Don't Believe the Hype: The 21 Biggest Technology Flops

We fondly recall 21 overpromoted products and technologies that utterly failed to live up to their hype -- and we give you a chance to choose the biggest flop of all.

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Microsoft Bob


Bob was a graphical user interface built on top of Windows 3.1. The idea was to make Windows palatable to nontechnical users. But Bob, released in 1995, was far more stupid than its users, most of whom saw the interface as an insult to their intelligence.

Bob's cartoon-like interface was meant to resemble an office or living room. You were walked through tasks by silly-looking cartoon characters (something Microsoft persisted in doing with its Windows Help system long after Bob perished).

Microsoft Bob logo
Perhaps worst of all, Bob's logo included a yellow smiley face for the "o" in the name. Bob eventually faded away, and even Microsoft executives agreed it had been a miserable failure.

The Net PC


The Net PC was yet another small, overpromoted computing device aimed at home users.

3Com Audrey

3Com's Audrey.

Image courtesy of Retro Thing.

Like the thin clients used in corporate IT, Net PCs consisted of a screen, keyboard and pointing device with little built-in intelligence. They were designed to be placed unobtrusively throughout the home, providing a simple user interface for Web and e-mail access.

The best-known Net PC was the iOpener by Netpliance, which ran ads during the 2000 Super Bowl, along with a host of other hype-happy technology start-ups that no longer exist. 3Com Corp. got into the act with its Audrey, and Oracle Corp.'s Larry Ellison launched a company, New Internet Computer, to develop and sell the devices.

The problem: Net PCs were introduced just as the price of more intelligent desktop PCs was plummeting. Why buy an extremely limited device when you could get a full-featured computer for around $300? After a couple of years of hype, Net PCs faded away.

The paperless office


It's not known exactly when this dream of marketers and technology vendors emerged, although the Christian Science Monitor suggested in a 2005 article that the term "was probably first coined in a 1966 article in the Harvard Business Review in reference to the emergence of digital data storage."

Just as futurists in the 1950s boldly but inaccurately predicted that computers would cut our work days in half, offices without paper have turned out to be a pipe dream. A book published by MIT Press in 2002 called The Myth of the Paperless Office found that e-mail caused a 40% increase in paper use in many organizations.

True, the role of office paper has been changing recently. Most large organizations now depend on digital, not paper, storage of documents. And the Christian Science Monitor found that sales of plain white office paper are, indeed, leveling off. But even if office paper consumption is leveling, take a look around your office: Is it paperless yet? Will it be paperless anytime soon? We didn't think so.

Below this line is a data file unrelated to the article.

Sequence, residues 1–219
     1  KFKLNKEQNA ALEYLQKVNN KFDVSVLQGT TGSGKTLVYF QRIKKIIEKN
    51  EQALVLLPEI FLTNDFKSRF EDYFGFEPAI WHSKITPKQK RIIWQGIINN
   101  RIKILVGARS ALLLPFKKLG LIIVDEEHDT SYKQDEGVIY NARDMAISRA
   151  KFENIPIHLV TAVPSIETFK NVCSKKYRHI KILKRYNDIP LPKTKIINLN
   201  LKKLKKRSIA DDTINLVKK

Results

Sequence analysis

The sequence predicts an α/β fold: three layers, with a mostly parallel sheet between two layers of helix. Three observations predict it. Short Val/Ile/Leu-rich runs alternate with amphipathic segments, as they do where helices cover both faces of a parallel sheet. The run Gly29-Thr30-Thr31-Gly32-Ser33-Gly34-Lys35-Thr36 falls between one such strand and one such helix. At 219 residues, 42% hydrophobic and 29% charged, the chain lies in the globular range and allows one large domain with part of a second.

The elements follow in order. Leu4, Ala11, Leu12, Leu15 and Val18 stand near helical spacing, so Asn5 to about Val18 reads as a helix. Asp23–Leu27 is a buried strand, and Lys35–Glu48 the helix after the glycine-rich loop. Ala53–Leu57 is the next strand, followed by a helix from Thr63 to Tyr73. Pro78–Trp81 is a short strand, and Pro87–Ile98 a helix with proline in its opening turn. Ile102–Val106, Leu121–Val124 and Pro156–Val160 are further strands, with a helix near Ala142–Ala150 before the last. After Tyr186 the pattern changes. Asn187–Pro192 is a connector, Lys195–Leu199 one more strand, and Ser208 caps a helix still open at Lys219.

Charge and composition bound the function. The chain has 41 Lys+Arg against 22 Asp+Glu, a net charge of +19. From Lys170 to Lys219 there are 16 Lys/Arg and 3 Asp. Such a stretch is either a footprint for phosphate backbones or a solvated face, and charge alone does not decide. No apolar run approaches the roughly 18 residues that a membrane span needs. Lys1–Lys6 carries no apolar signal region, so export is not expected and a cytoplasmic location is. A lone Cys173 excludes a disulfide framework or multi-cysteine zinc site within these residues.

Push technology

PointCast Network home page
Vintage hype from the PointCast Network.

We're not talking here about pushing e-mail to mobile devices, which was made incredibly popular by BlackBerries. This is about companies like the PointCast Network, which launched its software with a hype storm in 1996. The hype focused on how this technology could "push" news and other information to computer desktops with no user intervention.

However, most users never became excited about push. Those who did take the technology for a spin found themselves inundated with news, weather, sports and more; it wasn't easy to filter what specific information was received. There was also a strong backlash from employers, which prohibited the use of push products for fear they would hog network bandwidth and distract workers.

Push technology hasn't really gone away. In addition to mobile e-mail, RSS feeds and many of today's desktop widgets are a form of push, but with more filters and controls than their early forebears. But the original hype was so far off the charts that companies like PointCast faded away.

Smart appliances


Your refrigerator knows when you are low on milk and automatically orders more over the Internet. The cow juice and your other groceries are delivered to your front door. How has our species survived so long without this?

The (supposedly) irresistible appeal of smart appliances created a buzz at trade shows and was widely discussed in the media in the two years before the dot-com bubble burst. The idea was supported by virtually all major appliance vendors as well as dot-com grocery delivery services like Peapod and NetGrocer. Supermarket chains also scrambled to get a piece of the action. And Intel, always eager to sell chips -- even those used in refrigerators -- was part of the frenzy too.

Long story short: The bubble burst, and we haven't heard much about intelligent appliances since. Somehow, we're still surviving.

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